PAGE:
Tag Archives: Health Literacy

Applying the International Handbook of Health Literacy to health library and knowledge services

Personal reflections by Ruth Carlyle

The International Handbook of Health Literacy was published at the beginning of August 2019. Thanks to funding from the German Federal Ministry of Education and Research, the 740 page volume is available open access

The editors bring together a truly international set of papers in the 45 chapters. The volume is in four parts: research into health literacy, an overview of recent developments; programmes and interventions to promote health literacy; policy programmes to promote health literacy; and future dialogue and new perspectives.

As a collected work, the International Handbook of Health Literacy affirms the relevance of health literacy across a wide range of disciplines and ‘the potential that has been attributed to health literacy in order to understand, explain and tackle individual as well as group differences in various health outcomes’ (p. xxi). Despite this potential, there is no unanimously accepted definition or measurement of health literacy (p. xxii, 139). Most of the definitions also focus on the ‘literacy’ aspects of ‘health literacy’ rather than the ‘health’ aspects (p. 649).

In the closing chapter, Stephan Van der Bourke suggests that there are three types of strategy that can be applied to address low health literacy: better health communication; better health education for the general population; and creating health literacy-friendly settings (p. 706).

Considered from the perspective of library and information services, the specific references to libraries and librarians appear in the third section of the volume, on policy programmes to promote health literacy. It is notable that the most extensive references appear in Chapter 28 on the development and implementation of Making it easy and Making it easier as health literacy policies for Scotland. NHS Education for Scotland works with library and knowledge services across a range of sectors to improve ‘signposting to useful health information’ (p. 425) and identifies closer working with librarians as one of the areas for further development (p. 431). Librarians elsewhere are involved in supporting health literacy through training the healthcare workforce (National Network of Libraries of Medicine, United States, p. 499), embedding health literacy into research and practice (British Columbia, p. 447) and creating portals of resources (New Zealand, p. 508).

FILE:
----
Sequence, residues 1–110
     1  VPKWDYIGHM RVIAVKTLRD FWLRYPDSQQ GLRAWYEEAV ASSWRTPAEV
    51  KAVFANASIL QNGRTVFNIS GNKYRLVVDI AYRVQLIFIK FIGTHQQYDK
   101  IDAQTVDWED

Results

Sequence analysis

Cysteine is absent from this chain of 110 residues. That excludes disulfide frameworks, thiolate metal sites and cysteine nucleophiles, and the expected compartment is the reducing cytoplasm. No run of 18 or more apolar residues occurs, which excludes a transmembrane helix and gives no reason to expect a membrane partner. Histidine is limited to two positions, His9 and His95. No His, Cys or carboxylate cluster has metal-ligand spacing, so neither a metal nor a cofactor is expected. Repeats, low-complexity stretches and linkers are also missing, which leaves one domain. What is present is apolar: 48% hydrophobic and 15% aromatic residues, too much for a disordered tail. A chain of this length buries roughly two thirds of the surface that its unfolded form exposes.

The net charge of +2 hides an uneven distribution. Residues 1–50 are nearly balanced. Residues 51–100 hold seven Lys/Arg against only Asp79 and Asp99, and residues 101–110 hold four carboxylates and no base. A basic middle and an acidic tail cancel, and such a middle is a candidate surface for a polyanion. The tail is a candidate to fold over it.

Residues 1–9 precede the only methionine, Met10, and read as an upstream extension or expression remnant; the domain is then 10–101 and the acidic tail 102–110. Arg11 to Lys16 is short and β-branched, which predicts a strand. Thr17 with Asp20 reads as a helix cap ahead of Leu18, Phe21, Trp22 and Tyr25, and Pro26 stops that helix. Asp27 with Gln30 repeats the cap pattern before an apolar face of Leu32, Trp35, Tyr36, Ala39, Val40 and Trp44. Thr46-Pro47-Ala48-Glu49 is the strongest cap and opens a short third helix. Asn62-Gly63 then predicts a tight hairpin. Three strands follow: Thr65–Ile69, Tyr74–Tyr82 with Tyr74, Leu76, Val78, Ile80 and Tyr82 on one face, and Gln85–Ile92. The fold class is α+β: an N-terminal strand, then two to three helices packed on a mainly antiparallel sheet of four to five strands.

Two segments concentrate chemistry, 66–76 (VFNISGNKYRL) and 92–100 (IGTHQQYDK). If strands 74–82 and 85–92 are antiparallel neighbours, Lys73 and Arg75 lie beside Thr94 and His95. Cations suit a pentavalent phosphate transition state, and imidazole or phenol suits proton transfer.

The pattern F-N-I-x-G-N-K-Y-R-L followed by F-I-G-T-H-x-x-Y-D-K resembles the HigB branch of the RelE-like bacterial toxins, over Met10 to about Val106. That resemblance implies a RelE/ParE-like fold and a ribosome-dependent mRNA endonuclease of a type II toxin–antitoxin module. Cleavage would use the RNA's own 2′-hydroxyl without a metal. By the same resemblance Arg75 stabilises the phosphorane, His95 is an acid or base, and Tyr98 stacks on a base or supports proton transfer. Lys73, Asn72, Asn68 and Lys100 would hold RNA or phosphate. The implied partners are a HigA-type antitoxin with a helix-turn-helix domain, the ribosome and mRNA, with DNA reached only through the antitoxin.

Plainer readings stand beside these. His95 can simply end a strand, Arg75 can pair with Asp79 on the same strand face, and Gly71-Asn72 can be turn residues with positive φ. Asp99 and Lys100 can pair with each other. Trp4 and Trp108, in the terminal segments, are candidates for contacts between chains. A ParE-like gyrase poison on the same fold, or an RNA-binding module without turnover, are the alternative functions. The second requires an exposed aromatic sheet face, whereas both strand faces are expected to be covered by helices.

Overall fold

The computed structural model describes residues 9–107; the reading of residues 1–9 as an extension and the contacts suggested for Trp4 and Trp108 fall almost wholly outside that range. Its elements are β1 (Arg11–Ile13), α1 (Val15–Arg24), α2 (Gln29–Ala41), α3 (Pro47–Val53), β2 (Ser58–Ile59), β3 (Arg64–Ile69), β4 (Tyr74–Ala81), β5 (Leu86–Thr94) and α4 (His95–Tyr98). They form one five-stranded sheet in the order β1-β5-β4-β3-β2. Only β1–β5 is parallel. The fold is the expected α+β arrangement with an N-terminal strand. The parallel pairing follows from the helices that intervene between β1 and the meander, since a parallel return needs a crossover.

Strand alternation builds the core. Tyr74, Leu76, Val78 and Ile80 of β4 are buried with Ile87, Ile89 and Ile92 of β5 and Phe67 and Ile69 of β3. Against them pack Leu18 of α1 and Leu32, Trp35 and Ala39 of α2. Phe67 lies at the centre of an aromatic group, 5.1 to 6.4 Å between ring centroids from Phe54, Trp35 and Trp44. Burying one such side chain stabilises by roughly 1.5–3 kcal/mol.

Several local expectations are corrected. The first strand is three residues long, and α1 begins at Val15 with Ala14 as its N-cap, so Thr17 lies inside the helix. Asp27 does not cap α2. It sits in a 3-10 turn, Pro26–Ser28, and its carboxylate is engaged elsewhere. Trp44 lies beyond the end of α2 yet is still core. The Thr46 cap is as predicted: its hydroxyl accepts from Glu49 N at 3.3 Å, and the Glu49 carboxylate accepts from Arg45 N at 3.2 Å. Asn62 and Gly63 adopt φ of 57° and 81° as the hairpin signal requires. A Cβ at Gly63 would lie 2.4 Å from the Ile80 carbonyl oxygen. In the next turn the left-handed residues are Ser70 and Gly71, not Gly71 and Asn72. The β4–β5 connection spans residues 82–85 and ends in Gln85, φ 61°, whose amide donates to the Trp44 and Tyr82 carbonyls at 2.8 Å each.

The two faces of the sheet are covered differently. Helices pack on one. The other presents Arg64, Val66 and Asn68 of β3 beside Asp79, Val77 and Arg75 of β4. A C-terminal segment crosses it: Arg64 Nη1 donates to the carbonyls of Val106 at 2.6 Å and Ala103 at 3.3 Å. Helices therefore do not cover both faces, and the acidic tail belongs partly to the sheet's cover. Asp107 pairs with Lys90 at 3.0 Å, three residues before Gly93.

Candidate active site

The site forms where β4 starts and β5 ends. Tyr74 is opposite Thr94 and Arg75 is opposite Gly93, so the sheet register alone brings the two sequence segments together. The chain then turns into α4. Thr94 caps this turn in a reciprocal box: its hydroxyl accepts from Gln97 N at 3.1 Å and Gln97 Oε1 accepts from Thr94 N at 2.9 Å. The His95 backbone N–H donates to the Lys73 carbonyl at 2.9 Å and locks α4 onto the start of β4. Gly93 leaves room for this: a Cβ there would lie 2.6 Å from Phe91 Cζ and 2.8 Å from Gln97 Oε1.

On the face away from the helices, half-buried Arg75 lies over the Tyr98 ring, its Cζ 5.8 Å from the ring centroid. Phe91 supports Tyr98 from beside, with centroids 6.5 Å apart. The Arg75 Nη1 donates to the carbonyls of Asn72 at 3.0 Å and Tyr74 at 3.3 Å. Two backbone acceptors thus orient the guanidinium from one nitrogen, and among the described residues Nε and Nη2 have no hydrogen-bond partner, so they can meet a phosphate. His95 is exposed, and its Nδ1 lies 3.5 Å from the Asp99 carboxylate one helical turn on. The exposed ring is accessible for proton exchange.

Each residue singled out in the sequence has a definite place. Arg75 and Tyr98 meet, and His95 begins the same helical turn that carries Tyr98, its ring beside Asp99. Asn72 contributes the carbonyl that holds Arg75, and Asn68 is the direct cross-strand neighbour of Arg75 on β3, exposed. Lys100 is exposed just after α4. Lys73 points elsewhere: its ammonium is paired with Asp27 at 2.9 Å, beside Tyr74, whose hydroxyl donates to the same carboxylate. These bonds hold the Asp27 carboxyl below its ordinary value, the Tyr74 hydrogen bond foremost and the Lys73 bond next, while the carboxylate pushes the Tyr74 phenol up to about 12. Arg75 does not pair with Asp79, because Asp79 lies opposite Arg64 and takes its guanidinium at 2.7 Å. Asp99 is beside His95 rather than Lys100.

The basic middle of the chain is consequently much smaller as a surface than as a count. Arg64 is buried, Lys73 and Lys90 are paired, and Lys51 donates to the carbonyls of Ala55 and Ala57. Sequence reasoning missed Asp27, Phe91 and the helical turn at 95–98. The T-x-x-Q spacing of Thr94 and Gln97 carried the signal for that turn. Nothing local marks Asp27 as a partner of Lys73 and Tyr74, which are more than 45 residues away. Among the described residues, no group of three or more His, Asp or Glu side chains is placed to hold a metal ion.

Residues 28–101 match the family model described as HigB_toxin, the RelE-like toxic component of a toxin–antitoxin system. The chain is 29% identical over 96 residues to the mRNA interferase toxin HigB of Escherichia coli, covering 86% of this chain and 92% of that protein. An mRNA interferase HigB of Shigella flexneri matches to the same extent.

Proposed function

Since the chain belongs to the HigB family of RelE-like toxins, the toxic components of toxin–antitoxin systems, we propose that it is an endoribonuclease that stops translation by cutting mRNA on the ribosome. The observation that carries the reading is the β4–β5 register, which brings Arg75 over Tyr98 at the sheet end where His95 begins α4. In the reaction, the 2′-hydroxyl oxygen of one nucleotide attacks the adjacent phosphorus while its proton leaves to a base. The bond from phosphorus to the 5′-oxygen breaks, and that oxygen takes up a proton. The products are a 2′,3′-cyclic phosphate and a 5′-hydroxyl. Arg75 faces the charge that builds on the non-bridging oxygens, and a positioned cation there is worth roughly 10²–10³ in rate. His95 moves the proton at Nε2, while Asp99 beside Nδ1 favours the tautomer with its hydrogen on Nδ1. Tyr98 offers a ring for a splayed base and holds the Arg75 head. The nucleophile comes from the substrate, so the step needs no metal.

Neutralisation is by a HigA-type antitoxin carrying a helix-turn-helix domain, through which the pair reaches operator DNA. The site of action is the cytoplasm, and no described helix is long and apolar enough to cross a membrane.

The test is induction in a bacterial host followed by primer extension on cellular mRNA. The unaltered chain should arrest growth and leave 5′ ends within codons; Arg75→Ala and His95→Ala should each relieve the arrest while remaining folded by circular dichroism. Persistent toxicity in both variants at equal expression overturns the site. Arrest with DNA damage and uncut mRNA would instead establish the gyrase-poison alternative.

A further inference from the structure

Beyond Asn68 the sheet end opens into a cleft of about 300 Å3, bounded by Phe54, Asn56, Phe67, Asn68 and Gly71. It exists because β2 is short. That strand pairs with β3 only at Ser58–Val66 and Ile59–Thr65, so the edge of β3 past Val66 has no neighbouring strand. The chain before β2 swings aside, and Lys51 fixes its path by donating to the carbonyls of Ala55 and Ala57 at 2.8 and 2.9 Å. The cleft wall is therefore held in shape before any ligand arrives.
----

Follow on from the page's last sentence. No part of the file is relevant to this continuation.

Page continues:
The multidisciplinary and international nature of the handbook provide a resource that emphasises the scale of low health literacy as an issue and the need for a shared approach working across disciplines. The individual chapters provide insights into research studies and the needs of specific audiences, such as children and older people. Themes through the volume provide evidence of the importance of improving the awareness and communication of healthcare professionals, signposting to high-quality health information for the public and creating health literacy-friendly environments. These reinforce the value of the roles that health library and knowledge services can play in health literacy.

Health Literacy: an issue for life

To make good decisions about our health, we need to find, understand, appraise and apply health information.  This is the essence of good health literacy.

 

What is the issue?

Levels of health literacy in England are very low: 43% of working age adults cannot understand textual health information, rising to 61% when a numeracy element is added (1); and 43% adults are unable to calculate paracetamol dosage for a child based on age and weight (2).  Individual health literacy also varies.  If someone has just had a significant diagnosis, then their ability to comprehend information will be reduced.

As people live longer with multiple health conditions, they need to be able to make the treatment choices that are right for them, and to understand how to use self-management techniques or take medications.

 

What role for health library staff?

Working with patients and the public takes different forms within NHS library and knowledge services.  All depend upon library and knowledge services staff having the confidence to see how core skills in finding evidence and appraising sources apply to health information materials for patients and the public.  Supporting the health literacy awareness of colleagues, and identifying information resources of differing levels of complexity, can enable library and knowledge services to have an impact on the way that patient information materials are used.  This supports treatment choice and effective self-management of health conditions.  For this reason, health literacy is a priority for Knowledge for Healthcare work on patient and public information in 2018-2020